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Eds Or Other Collagen Disorder Questions


SpinnyC
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I saw an orthopedist about a joint problem- that no one can figure out. The doctor did however confirm that I am hypermobile. But told me "that's a good thing because most athletes and dancers are hypermobile, and when you're hypermobile you get less arthritis and injuries". But this doc admittedly knows nothing of Pots (and likely nothing of the EDS connection to Pots). I also bruise badly, mostly on my legs, for no reason. I never remember injuring myself yet I get huge bruises or lots of little bruises all over.

For those of you who have been through the diagnosis process for EDS- does this (or another collagen disorder) sound like something I should consider?

And if so, who's the right doctor to see about this- Geneticist or Rheumatology?

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Rheumatology, I think, and contact local EDS or hypermobility organisations to get a specific recommendation. I don't have EDS but my cousin does. I did a poll here the other month about which medical conditions we have, and the rate of EDS or similar was (relatively) sky-high, something like 1 in 6 for confirmed diagnoses and plenty more with suspected EDS/connective disorders, or relatives with those conditions.

"that's a good thing because most athletes and dancers are hypermobile, and when you're hypermobile you get less arthritis and injuries" is right up there with, "Hmm, 80/42 is rather low, I suppose. Well, aren't you lucky not to have high blood pressure!" And frankly, the next time someone says that, I'm going to point out that it's about as helpful as it would be if gynaecologist were to say brightly, "Aren't you lucky not to be a man, because that way you're not going to get testicular cancer!"

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I would get checked out by a Geneticist or a Rheumatologist who is experienced with connective tissue disorders. Your doctor is wrong about people that are hypermobile get less arthritis and injuries. That's not true at all. People who are hypermobile tend to have more injuries, depending on the severity of the hypermobility, and they tend to have early arthritis, in particular Osteoarthritis from joints wearing out from a deficiency of collagen. There is also a lack of clinical distinction between Benign Joint Hypermobility Syndrome and EDS - Type III and some doctors, including Dr. Brad Tinkle, refers to BJHS as EDS - Type III. SOURCE: Joint Hypermobility Handbook by Dr. Brad Tinkle. Dr. Tinkle Dx'd me with EDS back around 2007 or so. He is a Geneticist and leading expert in the EDS community. There is a doctor listing at http://www.ednf.org/ and tons of information about EDS and getting Dx'd. Excessive brusing is a sign of EDS as well. EDS varies in severity immensely from person to person. EDS, POTS, and Chronic Fatigue Syndrome are all interconnected from what my doctor told me. I have EDS and POTS and "most likely" have CFS according to my doctor. I'd keep searching for answers by looking for a doctor experienced with EDS. Good luck!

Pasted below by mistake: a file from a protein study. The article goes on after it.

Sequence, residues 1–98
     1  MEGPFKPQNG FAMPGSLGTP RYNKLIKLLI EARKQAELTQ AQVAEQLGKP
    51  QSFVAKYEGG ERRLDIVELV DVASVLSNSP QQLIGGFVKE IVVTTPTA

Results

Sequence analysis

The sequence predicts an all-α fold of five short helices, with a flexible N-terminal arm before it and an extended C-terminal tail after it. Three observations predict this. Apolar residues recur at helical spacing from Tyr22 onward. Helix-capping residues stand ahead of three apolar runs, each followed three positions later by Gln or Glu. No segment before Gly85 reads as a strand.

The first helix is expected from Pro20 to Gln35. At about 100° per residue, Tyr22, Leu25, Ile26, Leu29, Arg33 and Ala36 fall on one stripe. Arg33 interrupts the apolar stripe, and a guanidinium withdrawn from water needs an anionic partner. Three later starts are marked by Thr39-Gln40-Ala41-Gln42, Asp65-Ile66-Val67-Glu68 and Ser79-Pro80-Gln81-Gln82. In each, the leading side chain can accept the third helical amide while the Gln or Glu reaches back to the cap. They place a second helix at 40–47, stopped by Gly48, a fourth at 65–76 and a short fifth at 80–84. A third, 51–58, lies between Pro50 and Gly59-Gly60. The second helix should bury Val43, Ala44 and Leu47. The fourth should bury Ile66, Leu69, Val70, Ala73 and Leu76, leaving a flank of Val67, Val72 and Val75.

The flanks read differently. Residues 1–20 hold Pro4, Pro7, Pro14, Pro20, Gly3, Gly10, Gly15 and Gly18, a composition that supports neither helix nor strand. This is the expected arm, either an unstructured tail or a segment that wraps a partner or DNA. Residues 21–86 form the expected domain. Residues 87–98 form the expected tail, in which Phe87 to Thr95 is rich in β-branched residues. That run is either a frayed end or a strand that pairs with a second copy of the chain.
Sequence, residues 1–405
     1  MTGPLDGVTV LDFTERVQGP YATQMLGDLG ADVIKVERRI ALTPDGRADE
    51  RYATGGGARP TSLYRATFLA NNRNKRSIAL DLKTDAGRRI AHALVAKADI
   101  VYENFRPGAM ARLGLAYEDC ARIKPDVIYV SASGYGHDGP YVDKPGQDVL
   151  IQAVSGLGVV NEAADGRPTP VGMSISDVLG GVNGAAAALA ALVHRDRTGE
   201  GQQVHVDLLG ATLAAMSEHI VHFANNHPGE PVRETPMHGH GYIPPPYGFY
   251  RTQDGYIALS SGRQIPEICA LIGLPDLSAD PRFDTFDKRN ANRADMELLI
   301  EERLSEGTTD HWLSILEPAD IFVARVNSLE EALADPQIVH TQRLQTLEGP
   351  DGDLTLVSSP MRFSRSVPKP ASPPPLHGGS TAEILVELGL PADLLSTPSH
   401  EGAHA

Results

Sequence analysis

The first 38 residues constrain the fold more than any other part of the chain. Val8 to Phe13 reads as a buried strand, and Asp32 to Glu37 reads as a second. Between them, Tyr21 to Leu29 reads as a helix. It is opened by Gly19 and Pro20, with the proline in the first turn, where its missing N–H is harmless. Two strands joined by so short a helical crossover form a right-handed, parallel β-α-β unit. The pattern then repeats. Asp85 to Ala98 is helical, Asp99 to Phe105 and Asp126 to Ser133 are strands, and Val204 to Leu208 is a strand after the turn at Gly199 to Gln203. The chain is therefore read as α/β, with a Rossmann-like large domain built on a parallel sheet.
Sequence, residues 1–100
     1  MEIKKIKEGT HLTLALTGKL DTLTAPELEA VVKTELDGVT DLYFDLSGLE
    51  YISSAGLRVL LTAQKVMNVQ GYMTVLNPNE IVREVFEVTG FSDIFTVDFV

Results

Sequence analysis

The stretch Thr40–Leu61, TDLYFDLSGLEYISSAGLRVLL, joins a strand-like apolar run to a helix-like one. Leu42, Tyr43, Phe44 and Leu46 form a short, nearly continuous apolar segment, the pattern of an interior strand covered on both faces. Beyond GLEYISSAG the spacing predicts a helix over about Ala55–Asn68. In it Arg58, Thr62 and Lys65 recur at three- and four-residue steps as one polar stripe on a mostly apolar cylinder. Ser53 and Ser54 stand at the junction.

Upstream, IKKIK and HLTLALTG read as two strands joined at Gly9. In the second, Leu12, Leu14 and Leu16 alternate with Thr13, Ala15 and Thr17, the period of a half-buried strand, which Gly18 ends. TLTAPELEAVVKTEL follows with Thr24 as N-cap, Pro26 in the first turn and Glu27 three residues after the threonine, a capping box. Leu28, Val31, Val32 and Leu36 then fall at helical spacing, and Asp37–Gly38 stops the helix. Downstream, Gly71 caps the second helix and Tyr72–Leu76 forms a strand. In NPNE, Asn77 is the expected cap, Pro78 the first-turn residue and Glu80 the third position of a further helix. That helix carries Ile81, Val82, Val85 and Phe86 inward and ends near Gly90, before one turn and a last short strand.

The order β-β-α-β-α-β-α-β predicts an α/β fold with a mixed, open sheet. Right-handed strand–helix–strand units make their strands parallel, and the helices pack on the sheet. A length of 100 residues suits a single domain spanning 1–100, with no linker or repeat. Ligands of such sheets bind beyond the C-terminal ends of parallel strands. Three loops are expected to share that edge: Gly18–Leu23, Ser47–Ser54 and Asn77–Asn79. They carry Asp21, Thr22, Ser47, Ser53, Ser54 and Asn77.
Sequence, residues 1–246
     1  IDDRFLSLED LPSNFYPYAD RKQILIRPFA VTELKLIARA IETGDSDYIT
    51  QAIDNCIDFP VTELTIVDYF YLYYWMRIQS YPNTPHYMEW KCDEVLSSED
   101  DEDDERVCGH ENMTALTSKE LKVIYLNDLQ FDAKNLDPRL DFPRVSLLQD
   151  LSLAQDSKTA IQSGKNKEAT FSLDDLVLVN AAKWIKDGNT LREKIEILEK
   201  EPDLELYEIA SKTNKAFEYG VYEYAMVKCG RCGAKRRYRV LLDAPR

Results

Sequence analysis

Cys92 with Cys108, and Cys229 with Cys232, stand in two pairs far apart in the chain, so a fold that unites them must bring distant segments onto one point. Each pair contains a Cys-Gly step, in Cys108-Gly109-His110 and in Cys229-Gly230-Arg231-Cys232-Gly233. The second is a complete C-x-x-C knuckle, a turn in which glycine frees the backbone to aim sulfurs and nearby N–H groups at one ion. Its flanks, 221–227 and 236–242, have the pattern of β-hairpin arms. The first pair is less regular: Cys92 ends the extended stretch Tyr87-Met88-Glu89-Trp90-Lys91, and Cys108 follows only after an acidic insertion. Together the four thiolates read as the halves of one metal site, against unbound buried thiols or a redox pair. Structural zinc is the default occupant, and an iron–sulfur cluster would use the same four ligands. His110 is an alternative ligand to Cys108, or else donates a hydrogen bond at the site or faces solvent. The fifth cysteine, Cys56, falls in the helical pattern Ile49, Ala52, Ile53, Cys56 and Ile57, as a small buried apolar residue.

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Batik- LOL, yes it's probably also up there with- "but you look good".

Weatherman- Great link with information, I appreciate it. Looks like there are only Geneticists in my area that deal with EDS, no Rheumatologists. So I guess that makes my choice between the two easy. :)

Thanks to you both for your responses!

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